There are several ways EP studies may assist in diagnosing heart rhythm abnormalities, (also called an arrhythmia). An abnormal rhythm may be stimulated on purpose by a doctor during the EP study so that the underlying problem can be identified. The abnormal heart rhythm may also be stimulated to evaluate the effectiveness of a drug.
During the EP study, doctors may also map the spread of electrical impulses during each beat. This may be done to locate the source of an arrhythmia or abnormal heart beat. If a location is found, an ablation (elimination of the area of heart tissue causing the abnormality) may be done. The ablation is performed using radiofrequencies or very cold temperatures (cryoablation). Depending on the type of arrhythmia being treated, catheter ablation can have a success rate of more than 90 percent, but some children may need to have the procedure again or other treatments for their irregular heartbeat. In rare situations, the child's doctor may want the child to remain on medications to help control the heartbeat.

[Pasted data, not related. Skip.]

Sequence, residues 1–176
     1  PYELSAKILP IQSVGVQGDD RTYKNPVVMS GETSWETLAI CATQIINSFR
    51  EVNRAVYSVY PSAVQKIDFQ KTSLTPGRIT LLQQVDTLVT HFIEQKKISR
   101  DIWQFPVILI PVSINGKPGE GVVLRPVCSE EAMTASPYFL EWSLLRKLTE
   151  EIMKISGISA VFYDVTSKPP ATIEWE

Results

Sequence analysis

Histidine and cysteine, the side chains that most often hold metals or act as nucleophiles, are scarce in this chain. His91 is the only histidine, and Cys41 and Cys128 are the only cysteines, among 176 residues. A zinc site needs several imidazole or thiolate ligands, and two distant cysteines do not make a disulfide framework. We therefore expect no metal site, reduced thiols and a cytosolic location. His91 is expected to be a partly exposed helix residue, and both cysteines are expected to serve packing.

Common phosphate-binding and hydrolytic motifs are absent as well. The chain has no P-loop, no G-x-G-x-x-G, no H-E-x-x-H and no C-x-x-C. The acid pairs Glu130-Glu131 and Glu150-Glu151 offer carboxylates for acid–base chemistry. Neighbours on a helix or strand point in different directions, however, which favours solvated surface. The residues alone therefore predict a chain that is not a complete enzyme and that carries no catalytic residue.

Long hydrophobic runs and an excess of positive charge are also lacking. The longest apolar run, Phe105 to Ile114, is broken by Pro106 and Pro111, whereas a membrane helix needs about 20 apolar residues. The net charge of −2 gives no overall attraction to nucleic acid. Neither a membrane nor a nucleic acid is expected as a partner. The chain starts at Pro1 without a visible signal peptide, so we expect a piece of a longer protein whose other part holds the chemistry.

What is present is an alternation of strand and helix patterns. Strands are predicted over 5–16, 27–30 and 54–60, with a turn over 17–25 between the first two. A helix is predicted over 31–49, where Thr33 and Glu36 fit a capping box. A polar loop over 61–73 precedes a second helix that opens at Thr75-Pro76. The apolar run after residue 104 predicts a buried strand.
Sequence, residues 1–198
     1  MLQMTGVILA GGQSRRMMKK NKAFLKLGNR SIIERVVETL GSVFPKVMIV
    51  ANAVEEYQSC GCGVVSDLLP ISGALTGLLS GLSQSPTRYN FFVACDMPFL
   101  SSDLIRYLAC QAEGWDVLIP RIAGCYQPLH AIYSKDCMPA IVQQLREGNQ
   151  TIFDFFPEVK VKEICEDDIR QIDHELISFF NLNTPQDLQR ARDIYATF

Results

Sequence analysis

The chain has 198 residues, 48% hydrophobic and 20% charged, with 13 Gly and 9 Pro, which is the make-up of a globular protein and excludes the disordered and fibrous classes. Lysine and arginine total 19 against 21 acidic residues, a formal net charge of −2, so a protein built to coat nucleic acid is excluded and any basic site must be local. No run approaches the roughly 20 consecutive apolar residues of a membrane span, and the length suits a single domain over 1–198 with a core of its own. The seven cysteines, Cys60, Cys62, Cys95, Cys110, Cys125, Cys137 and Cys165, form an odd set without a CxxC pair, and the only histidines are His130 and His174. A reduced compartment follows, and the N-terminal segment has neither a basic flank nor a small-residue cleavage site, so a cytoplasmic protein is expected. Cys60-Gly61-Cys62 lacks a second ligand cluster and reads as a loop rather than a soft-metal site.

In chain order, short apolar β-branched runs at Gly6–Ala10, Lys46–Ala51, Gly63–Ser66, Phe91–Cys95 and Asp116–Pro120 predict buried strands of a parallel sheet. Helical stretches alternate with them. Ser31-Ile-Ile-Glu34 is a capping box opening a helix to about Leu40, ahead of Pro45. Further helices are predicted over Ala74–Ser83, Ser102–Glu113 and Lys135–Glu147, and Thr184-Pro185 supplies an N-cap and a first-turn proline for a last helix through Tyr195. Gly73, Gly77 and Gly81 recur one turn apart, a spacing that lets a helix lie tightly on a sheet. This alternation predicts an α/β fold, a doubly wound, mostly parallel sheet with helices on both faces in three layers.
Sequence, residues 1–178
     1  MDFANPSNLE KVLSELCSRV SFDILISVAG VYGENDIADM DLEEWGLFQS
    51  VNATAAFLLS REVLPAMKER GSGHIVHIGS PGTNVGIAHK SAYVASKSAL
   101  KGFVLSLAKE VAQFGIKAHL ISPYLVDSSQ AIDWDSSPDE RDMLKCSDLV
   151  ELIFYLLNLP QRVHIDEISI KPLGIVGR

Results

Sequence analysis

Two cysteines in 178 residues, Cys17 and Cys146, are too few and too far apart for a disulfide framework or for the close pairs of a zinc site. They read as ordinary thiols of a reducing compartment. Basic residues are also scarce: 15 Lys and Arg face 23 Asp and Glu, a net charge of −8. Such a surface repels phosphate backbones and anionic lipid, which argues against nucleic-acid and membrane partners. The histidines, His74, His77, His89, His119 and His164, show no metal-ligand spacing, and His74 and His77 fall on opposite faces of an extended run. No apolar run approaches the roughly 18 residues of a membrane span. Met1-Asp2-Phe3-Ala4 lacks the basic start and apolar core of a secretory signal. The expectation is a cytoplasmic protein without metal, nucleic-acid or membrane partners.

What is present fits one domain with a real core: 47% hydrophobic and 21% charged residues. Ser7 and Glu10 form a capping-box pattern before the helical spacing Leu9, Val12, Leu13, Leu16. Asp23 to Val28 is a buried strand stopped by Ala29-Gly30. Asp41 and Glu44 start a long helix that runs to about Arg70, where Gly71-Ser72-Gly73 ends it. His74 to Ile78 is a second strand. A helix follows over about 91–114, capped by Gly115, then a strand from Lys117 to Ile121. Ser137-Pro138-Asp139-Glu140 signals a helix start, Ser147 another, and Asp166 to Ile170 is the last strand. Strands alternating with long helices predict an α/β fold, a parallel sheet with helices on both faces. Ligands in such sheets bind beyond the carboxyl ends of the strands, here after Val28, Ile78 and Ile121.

Not everyone with a heart arrhythmia needs a catheter ablation. It is usually recommended for people with arrhythmias that can't be controlled by medication or with certain types of arrhythmias from the upper chambers of the heart. Less commonly, it may be recommended for people with arrhythmia that begins in the lower chambers of the heart.
Besides the need for ablation, an electrophysiological study may also help the doctor determine other possible treatments or interventions like inserting a pacemaker or implantable defibrillator, adding or changing medications or performing additional ablation procedures.